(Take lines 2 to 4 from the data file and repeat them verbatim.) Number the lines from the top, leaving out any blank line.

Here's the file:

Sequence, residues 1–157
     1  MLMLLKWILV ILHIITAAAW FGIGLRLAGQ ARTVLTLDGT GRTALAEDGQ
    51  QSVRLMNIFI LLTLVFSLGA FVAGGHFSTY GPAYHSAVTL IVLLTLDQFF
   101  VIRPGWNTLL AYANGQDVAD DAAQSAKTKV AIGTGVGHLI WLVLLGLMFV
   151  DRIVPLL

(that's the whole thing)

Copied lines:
     1  MLMLLKWILV ILHIITAAAW FGIGLRLAGQ ARTVLTLDGT GRTALAEDGQ
    51  QSVRLMNIFI LLTLVFSLGA FVAGGHFSTY GPAYHSAVTL IVLLTLDQFF
   101  VIRPGWNTLL AYANGQDVAD DAAQSAKTKV AIGTGVGHLI WLVLLGLMFV